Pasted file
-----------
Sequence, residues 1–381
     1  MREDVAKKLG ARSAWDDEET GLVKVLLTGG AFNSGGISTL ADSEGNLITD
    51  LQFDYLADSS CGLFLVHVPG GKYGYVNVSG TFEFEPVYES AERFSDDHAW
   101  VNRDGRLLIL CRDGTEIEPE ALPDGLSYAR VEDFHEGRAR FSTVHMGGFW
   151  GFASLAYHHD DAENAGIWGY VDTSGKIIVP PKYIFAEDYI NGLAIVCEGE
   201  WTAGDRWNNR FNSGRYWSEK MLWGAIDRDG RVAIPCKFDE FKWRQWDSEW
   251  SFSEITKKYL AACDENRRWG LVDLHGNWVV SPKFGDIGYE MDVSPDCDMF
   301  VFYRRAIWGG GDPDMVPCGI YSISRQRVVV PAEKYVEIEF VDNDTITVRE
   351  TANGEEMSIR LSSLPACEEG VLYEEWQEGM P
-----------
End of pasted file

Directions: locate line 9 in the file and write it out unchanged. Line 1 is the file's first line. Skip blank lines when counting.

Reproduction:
   351  TANGEEMSIR LSSLPACEEG VLYEEWQEGM P